🔍 Step 2: Have a search strategy

Strategic searching functions as a necessary foundation for your research, much like the bread in a sandwich. In order to extract the most relevant information from platforms with infinite scrolling capabilities, you have to understand what kind of insights you should be looking for.

Is your research lacking product reviews? Then hashtag searching and online forums are the best starting point. Are you having trouble understanding a user’s routine? Live streams or vlogging platforms like Youtube are your best bet.

Once you’ve identified a search strategy, you need to slowly chip away at the various facets of your topic. For example, if I wanted to know how to make the tofu in my Vietnamese sandwich extra salty, I would likely start with video searching on Youtube using a fairly generic keyword or phrase like “how to make Vietnamese sandwiches.” This vague search might give me a few relevant hits, but likely won’t teach me how to make my tofu salty. So, I continue my searching with increasing specificity like “what salt to use on tofu”.

The beauty of this ‘chipping’ approach that social media affords researchers is that it usually uncovers a lot of details you would have not anticipated or looked for otherwise. For example, as you chipped away at tofu tutorials, you learned that the tofu actually gets salty through the marination process, not necessarily from how much salt you use. The bottom line with strategic searching is to cover the various nuances of your research subject that you would likely observe if the user was physically in front of you, like a nervous tick or lack of interest in your questions.

🌀 Interlude: Avoid falling down the social media wormhole

You’ve got your bread and your salty tofu ready and you turn around for five seconds to wipe some stains off your shirt when suddenly your dog jumps up on the table and swipes your sandwich masterpiece in the making! Similarly, the vast amount of content readily available through social media makes it almost too easy to get distracted.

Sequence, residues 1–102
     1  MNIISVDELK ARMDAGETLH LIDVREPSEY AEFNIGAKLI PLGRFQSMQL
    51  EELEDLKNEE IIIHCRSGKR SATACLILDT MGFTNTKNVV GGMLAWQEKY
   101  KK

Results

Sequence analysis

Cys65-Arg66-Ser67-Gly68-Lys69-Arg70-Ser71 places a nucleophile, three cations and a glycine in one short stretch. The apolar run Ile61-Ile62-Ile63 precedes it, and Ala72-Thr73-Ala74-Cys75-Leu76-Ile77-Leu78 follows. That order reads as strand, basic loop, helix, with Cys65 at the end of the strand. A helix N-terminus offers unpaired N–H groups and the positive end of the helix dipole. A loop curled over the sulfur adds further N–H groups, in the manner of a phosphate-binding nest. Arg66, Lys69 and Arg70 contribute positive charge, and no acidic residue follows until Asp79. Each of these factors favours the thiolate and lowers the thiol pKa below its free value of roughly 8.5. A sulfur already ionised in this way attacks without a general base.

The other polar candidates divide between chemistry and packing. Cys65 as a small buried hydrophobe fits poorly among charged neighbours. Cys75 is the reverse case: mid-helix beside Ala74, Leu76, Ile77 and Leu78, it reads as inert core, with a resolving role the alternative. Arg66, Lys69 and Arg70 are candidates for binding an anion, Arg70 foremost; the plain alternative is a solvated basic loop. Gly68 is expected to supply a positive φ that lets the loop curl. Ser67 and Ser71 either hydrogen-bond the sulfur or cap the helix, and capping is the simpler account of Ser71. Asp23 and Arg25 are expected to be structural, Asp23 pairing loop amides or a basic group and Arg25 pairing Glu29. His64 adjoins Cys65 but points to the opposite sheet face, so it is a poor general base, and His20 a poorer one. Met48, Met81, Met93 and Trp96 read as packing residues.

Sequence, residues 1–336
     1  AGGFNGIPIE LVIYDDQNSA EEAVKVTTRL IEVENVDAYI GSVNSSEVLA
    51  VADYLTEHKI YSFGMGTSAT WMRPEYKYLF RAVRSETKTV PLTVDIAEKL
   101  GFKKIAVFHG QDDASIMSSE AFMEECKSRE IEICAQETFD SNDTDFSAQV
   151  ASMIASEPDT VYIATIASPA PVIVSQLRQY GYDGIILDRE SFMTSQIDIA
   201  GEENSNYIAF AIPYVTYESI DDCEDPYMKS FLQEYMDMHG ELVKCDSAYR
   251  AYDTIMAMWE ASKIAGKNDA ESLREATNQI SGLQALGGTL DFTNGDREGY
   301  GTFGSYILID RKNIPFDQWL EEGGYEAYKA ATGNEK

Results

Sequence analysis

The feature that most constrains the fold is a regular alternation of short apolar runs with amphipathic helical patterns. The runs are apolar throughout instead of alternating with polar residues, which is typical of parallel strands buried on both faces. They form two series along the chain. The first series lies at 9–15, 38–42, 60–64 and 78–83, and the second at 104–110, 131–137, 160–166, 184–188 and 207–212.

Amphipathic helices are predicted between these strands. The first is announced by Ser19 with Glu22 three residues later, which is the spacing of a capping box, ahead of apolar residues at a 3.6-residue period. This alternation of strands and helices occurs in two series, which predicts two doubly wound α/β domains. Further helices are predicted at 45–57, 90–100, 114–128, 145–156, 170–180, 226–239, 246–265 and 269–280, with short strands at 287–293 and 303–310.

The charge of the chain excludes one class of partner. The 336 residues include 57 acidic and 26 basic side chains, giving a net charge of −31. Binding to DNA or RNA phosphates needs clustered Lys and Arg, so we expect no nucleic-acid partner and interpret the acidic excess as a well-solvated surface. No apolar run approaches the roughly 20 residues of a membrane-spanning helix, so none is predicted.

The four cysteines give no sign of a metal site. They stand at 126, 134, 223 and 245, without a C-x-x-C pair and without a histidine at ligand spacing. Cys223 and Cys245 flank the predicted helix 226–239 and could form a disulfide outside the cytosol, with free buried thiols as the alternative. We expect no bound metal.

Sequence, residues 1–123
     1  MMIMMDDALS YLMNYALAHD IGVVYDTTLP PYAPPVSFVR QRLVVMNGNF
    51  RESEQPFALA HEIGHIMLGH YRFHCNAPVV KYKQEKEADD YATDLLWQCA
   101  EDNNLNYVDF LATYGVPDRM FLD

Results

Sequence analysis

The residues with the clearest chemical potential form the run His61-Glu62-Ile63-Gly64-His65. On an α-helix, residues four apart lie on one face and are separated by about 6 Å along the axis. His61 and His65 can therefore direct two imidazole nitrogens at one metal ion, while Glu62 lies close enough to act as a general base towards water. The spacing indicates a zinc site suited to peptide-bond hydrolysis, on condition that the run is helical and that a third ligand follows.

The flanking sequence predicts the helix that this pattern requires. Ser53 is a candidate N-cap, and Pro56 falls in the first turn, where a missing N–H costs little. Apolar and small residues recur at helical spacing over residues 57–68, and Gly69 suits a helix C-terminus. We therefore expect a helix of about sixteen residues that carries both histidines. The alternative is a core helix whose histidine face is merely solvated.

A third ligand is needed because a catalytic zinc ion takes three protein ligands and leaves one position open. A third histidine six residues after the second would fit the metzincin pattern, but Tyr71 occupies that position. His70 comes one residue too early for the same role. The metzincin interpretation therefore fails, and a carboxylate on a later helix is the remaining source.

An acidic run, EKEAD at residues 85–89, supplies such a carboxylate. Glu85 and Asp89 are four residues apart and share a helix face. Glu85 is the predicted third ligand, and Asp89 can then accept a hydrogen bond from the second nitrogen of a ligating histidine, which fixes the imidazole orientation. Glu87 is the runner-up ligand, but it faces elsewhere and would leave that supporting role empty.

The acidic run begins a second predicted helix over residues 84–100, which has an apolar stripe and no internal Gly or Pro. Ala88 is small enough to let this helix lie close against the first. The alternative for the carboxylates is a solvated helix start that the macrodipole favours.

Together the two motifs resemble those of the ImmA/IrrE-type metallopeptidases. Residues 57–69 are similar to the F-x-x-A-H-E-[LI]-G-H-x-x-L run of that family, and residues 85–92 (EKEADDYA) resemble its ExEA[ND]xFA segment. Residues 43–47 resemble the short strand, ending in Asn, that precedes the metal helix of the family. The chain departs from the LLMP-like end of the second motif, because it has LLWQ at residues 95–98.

To further complicate this, social media is something we use in our recreational time, so it’s harder to delineate work from play when researching on social media. Stop frequently and reflect upon whether the 9th Youtube video you’ve watched about Vietnamese beef sandwiches is providing relevant insights or if you’ve simply slipped out of research mode and into recreation (or hunger) mode.

👀 Step 3: Analyze your data (online!)

Some additional time after the dog fiasco and you’ve finally got all your ingredients prepared and ready — the only thing left to do is assemble your sandwich. As you start to find relevant insights, make sure to assemble them somewhere collaborative. Traditionally, this is done through whiteboards and brainstorming sessions with the rest of your UX team — or, even, across teams like engineers and industrial designers who will later use your insights for prototyping. There are plenty of online whiteboard tools like Miro that make the transition to online collaboration seamless. Furthermore, the advantage of migrating insights into a digital platform is that that information lives on long after a whiteboard has been erased, something that can really come in handy if you have future projects with the same client or research topic.

🤔 Step 4: Ethical considerations

As you dig into your Vietnamese sandwich, reflect upon any ways you could have made it better. Social media as a stand-alone UX research methodology necessitates that we reexamine the practical and ethical boundaries of research. For example, a participant will more than likely see you start recording them on a device, but social media users almost never know when their content is being screenshot. This creates a huge debate about the ethics of researching on social media. Here’s what we think are the most important guidelines for properly handling insights drawn from social media:

🎉 Step 5: Extra considerations

Condiments are fun but not necessary. While this sandwich metaphor functions as a methodology guideline for doing social media UX research, it is in no way definitive. Explore and play around with the new methodology.

Here are two reflections, in particular, we hope to explore further in future projects:

At the end of the day, just because things are shut down due to Corona restrictions does not mean that the people have shut down — they’ve simply migrated to digital spaces. And isn’t UX research at its core about people?

Accordingly, as adaptable researchers, we must follow the people and feature digital methodologies like social media researching more prominently in our UX toolkit moving forward. In other words, instead of being hung up on how you can’t get those Vietnamese sandwiches you liked so much anymore, go out and arm yourself with new tools to make a better-tasting sandwich.

We want to hear from you! Send us your thoughts, tips, and struggles here: hello@above.se and let’s continue the conversation!